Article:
Mavi Marmara lawyers denied Dutch visas

Legal team claims can't get visas to go to International Criminal Court to defend victims of deadly raid by Israeli forces in 2010.

Legal team claims can't get visas to go to International Criminal Court to defend victims of deadly raid by Israeli forces in 2010.

ANKARA - Lawyers representing the victims of a fatal 2010 Israeli raid on an aid flotilla claim they have been denied visas to the Netherlands on their way to the International Criminal Court (ICC).

"They are not issuing us visas although we have made it clear that we are lawyers and we represent the victims of the flotilla raid," Cihat Gokdemir told AA on Thursday. "The countries where international mechanisms are based cannot prevent visitors or people in official capacity from going to these places."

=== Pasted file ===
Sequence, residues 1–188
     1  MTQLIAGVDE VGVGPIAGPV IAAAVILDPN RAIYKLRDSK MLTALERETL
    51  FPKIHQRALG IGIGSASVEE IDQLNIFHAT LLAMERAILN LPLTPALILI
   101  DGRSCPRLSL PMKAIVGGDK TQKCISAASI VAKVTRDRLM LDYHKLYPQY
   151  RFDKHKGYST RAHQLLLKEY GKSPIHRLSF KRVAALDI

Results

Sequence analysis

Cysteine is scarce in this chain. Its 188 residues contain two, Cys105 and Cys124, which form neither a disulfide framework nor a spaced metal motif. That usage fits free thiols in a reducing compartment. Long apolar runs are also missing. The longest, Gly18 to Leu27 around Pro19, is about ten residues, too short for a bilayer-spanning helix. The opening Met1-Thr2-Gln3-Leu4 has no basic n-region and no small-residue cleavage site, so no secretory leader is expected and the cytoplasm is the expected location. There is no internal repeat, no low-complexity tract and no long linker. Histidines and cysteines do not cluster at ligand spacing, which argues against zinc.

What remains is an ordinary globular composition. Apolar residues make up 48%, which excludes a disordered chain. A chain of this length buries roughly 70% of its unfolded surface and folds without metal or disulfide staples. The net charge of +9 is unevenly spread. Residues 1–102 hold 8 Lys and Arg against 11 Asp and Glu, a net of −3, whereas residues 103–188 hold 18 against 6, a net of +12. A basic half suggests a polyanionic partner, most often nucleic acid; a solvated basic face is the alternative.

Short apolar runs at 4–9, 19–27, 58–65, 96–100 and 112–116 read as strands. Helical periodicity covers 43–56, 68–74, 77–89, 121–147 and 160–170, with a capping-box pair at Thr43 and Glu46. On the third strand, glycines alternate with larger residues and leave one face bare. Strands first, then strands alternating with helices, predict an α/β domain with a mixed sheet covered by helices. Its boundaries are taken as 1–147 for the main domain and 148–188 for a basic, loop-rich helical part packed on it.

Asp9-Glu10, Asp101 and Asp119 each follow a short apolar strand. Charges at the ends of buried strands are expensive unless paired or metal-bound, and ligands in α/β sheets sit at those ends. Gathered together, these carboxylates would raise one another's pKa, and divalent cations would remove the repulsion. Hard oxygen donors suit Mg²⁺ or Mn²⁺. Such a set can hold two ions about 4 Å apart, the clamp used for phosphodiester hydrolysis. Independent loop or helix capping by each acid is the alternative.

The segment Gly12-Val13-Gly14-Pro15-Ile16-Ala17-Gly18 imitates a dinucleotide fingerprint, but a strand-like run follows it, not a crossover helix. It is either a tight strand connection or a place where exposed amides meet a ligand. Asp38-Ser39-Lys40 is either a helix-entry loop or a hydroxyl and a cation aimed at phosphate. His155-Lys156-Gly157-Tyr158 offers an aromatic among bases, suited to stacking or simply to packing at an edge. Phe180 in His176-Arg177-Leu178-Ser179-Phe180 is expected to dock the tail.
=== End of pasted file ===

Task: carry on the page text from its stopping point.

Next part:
Two members of the legal team, Gokdemir and Ramazan Ariturk, were not granted extensions to their three-year visas, which expired in November, despite informing Dutch officials that the ICC Prosecutor's Office - based in The Hague – had invited them for a meeting on legal action against high-ranking Israeli officials.

In May 2010, Israeli commandos killed eight Turkish nationals and an American of Turkish origin in international waters when they attacked the Mavi Marmara, a ship in a flotilla carrying humanitarian aid and construction materials to the Gaza Strip, which is under an Israeli blockade.

The event caused international outrage and soured Turkish-Israeli ties. Since then, Turkey has received an apology from the Israeli government and the two states are looking to normalize relations with a deal involving compensation for the victims’ families.

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